California Educator

November 2014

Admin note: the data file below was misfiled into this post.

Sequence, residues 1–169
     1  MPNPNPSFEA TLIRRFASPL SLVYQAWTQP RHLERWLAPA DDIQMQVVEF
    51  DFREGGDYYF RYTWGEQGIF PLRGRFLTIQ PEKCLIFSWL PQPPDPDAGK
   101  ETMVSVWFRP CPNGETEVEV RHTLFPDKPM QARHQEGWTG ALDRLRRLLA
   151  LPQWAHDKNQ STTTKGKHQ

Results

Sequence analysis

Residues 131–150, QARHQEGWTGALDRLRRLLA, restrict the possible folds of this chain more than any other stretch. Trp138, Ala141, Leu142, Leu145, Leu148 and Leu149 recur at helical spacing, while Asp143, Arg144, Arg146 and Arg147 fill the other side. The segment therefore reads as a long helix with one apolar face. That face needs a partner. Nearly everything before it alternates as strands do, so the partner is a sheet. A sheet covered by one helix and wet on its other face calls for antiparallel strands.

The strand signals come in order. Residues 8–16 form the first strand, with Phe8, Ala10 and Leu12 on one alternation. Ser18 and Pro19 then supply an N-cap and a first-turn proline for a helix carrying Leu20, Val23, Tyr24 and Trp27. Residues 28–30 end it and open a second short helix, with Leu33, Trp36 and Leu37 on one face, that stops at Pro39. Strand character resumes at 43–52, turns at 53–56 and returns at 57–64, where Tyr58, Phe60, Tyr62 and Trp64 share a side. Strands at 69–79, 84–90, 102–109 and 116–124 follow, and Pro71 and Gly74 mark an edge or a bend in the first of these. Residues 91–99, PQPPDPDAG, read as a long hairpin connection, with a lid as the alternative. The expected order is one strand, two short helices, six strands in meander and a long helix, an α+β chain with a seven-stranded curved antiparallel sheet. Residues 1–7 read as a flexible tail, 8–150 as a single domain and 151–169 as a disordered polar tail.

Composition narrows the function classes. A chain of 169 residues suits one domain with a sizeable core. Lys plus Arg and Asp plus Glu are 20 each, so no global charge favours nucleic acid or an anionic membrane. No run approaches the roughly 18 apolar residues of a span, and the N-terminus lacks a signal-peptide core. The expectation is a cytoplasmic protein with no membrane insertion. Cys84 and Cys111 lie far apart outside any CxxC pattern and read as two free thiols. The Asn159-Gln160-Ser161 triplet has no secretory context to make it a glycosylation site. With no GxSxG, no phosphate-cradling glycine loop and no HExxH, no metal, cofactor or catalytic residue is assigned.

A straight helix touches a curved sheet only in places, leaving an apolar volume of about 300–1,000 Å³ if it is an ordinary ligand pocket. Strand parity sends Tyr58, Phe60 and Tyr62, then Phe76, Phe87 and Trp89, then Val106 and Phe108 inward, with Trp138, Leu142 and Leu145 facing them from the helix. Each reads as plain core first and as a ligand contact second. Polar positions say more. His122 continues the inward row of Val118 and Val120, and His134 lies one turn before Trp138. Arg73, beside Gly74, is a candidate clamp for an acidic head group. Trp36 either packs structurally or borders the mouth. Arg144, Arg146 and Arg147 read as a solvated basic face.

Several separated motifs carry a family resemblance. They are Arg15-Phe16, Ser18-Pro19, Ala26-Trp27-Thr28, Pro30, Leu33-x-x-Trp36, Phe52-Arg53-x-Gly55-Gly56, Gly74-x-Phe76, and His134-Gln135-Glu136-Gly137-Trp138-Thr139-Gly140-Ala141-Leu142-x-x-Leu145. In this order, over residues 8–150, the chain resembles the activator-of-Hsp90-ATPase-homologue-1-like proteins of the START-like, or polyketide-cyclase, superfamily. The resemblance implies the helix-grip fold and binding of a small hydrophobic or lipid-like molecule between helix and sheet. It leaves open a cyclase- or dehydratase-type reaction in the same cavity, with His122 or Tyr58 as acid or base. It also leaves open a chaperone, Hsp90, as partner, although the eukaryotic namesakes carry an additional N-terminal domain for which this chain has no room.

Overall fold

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SCHOOLS IN WEED REOPEN AFTER DEVASTATING FIRE C O U R T E S Y P H O T O S Feature The Weed school evacuation plan worked, some schools emptying in less than 10 minutes. School staff are still processing their experiences — the chaos of finding families and loved ones cut off by the fast-mov- ing fire, the loss of entire neighborhoods. "Stuff can be replaced but people can't," says Weed Classroom Teachers Asso- ciation President Kim Coots. At the end of the day, about half the city was gone; 516 acres burned, more than 4,000 people were evacuated, and 157 homes were destroyed. One life was lost: an 85-year-old woman who fell and broke her leg while evacu- ating her home. A man was later arrested and charged with arson. School started again in mid-October, and CTA was there. "The assistance offered through CTA was won- derful," says Coots. "On the first day we came back, there was help with moving classrooms, and they pro- vided breakfast and lunch for the entire staff. It was so thoughtful of them." N M O N D A Y, S E P T . 1 5 , a wildfire r i p p e d t h ro u g h t h e c i t y o f Weed in Siskiyou County near the Oregon border. Fanned by strong mountain winds, the fire spread quickly, and authorities dashed through the streets telling people to flee. O Compiled by Jon Halvorsen and Cynthia Menzel Kim Coots 9 V O L U M E 1 9 I S S U E 4

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